Neutrality is not a single point on a scale but it is a state that can change. After the course Zac Cupples, Conor Nordengren, and myself spoke with James on this idea of neutrality and human performance. To end this post I would like to share what the four of us came up with during our talk which I think ties this post together. “Achieving neutrality by minimizing lateralization and establishing autonomic variability.” This expands human performance.

  • David Drummer talks about flexibility

    Can a person be too flexible? I think most would argue the more flexible the better, but I have to disagree. I can’t tell you the number of patients I’ve worked with that I’ve told to stop stretching. And I always love the response I get of utter disbelief. Many will say something to the effect of “But I stretch everyday so I can place my palms on the floor”, yet they often have been fighting chronic pain for years with no idea why. After all, they’re active, otherwise healthy, and they stretch everyday.

    Have you ever been on a walking bridge with a lot of other people? If so, you’ve probably felt the bridge give or drop beneath your feet. That is by design. If the bridge doesn’t give with the varying frequencies of all those feet pounding on it, the bridge could collapse. Being too rigid could be devastating to the structure. On the other hand, there needs to be some rigidity or structure to the bridge, or again the bridge could collapse. Neither scenario is good.

    It’s the same with our bodies. Being too rigid, or lacking flexibility can lead to problems. Maybe you can’t reach down to put on your shoes and socks, or you can’t turn to see behind you when changing lanes in your car. But if you’re too flexible and you don’t have stability you may have back pain every time you lean over to pick something up or work in your garden. The list of problems that develop from too much or too little flexibility too long to cover in a short blog, but I hope you better understand why sometimes when you come to the Hruska Clinic you may be told to stop stretching.

    If you have any thoughts or questions regarding my thoughts on flexibility, please feel free to contact me personally.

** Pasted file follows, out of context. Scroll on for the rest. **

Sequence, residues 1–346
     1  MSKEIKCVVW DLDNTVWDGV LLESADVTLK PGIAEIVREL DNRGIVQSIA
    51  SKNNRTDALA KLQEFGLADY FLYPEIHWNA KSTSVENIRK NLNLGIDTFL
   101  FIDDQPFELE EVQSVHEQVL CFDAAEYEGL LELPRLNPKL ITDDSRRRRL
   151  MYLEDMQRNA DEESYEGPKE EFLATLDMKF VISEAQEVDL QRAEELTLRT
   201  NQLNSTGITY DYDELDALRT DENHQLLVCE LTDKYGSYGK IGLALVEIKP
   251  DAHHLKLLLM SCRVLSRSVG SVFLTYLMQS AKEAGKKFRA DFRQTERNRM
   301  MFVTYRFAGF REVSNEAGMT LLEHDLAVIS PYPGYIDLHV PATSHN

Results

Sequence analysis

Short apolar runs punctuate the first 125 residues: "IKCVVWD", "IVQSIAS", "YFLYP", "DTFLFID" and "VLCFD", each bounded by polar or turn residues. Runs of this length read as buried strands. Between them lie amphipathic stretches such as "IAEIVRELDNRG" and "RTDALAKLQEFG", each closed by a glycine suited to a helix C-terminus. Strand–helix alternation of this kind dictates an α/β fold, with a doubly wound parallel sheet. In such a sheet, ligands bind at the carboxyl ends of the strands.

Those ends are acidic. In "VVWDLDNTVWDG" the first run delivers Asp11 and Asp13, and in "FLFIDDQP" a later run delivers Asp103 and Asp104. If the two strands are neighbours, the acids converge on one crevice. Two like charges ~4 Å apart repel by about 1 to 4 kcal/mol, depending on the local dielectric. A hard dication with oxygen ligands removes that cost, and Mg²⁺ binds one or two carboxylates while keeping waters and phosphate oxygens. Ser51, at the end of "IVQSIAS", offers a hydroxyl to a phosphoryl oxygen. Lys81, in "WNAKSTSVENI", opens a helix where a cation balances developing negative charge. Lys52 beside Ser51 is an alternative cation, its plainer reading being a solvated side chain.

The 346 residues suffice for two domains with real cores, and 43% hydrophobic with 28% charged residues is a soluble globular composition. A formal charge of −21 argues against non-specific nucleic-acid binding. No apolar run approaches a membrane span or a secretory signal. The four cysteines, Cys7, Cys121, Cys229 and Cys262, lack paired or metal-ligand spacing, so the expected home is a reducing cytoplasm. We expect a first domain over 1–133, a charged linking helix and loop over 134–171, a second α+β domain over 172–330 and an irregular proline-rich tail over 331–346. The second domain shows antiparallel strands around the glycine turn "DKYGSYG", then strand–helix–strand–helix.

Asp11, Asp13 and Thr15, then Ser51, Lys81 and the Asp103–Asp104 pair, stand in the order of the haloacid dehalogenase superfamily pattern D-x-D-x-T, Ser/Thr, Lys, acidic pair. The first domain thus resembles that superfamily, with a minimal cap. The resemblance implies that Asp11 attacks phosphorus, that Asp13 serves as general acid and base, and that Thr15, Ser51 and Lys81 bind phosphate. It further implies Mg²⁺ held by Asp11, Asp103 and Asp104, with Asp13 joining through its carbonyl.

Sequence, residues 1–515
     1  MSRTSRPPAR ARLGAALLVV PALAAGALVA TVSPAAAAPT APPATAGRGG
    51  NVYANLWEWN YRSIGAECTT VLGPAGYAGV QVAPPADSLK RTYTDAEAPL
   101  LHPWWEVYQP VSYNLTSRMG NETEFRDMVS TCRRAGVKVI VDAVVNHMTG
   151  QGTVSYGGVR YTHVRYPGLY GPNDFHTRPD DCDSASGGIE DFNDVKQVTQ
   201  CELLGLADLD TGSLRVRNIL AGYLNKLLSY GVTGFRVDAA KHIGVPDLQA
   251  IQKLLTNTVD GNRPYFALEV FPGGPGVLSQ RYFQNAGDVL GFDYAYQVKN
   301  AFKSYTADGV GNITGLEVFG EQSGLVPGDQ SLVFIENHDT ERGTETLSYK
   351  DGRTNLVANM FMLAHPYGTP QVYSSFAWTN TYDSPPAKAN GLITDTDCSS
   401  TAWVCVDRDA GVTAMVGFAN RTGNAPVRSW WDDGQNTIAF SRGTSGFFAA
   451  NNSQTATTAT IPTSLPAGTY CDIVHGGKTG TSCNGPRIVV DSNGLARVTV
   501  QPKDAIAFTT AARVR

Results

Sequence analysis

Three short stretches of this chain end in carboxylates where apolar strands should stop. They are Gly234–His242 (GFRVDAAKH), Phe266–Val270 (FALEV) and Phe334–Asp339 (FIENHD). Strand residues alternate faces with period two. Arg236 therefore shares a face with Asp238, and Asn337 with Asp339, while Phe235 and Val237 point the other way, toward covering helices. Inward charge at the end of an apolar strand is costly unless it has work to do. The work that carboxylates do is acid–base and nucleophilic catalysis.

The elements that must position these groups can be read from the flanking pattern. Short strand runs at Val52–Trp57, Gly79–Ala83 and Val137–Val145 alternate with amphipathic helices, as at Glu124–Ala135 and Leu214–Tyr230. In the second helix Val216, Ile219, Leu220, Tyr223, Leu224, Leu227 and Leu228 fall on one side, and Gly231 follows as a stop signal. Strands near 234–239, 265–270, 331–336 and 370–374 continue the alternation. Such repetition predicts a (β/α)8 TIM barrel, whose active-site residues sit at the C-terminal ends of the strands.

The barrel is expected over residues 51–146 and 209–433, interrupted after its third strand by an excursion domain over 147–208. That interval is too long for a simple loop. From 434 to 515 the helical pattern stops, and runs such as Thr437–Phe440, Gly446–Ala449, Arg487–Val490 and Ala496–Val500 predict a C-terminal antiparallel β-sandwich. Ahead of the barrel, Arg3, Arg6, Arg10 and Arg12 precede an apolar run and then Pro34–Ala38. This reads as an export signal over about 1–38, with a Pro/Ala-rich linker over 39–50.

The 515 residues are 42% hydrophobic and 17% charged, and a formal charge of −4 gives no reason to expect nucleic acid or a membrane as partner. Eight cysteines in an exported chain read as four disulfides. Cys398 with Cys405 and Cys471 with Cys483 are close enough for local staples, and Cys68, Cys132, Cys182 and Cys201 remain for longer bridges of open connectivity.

• Hruska Clinic Clinical Integration Mentorship Program

    Often times we get requests from local, national, and international physical therapists, athletic trainers, and other healthcare professionals wanting to spend a day at the Hruska Clinic™. We have recently developed a program to allow these indviduals the opportunity to shadow the Physical Therapists from the Hruska Clinic™ during their day-to-day interactions with their patients as well as integrating with other healthcare professionals. Completing a clinical integration mentorship program can provide the Postural Restoration® practitioner the added confidence and experience in implementing Postural Restoration® concepts and techniques. Check out the Hruska Clinic Clinical Integration Mentorship Program!

  • Washington Mystics' Head Athletic Trainer Visits the Hruska Clinic

    You’re going to Nebraska again? What’s in Nebraska? These are the questions I was asked by my players, friends and family. Yes, I was visiting Lincoln, Nebraska for the third time in four months. After taking all three home study courses and five different live seminars from PRI, I was still missing something. I was not connecting the dots between what I had learned and what I needed to do, so I decided to spend a week at the Hruska Clinic to observe the treatment approach put into practice. The trip was exactly what I was looking for; it was amazing!

    Going to the Hruska Clinic every day and seeing Ron, Lori, Torin, Dave and Jason actually treating and evaluating patients was fascinating. Observing them, and experiencing the PRI clinic staff go out of their way to explain what they were doing and why they chose specific treatments and exercies, was exactly what I needed. I had my “Ah-Ha!” moment when all the training clicked, and I became comfortable and confident with what I had learned. I finally knew what I need to do in PRI evaluations and treatments. The trip was invaluable for clarifying my studies and moving me from simply knowing to actually understanding.

    My co-workers may say that I am drinking the PRI Kool-Aid, but after traveling the world and learning from the best osteopaths, chiro-practitioners and physical therapists, I am a firm believer that PRI should be the first technique used in treatment—similar to building a good foundation for a house. It is clear to me that without achieving neutrality, our subsequent treatments won’t be successful. I am so happy that I chose to take the final step of observing at the clinic.

    Navin Hettiarachchi

    Head Athletic Trainer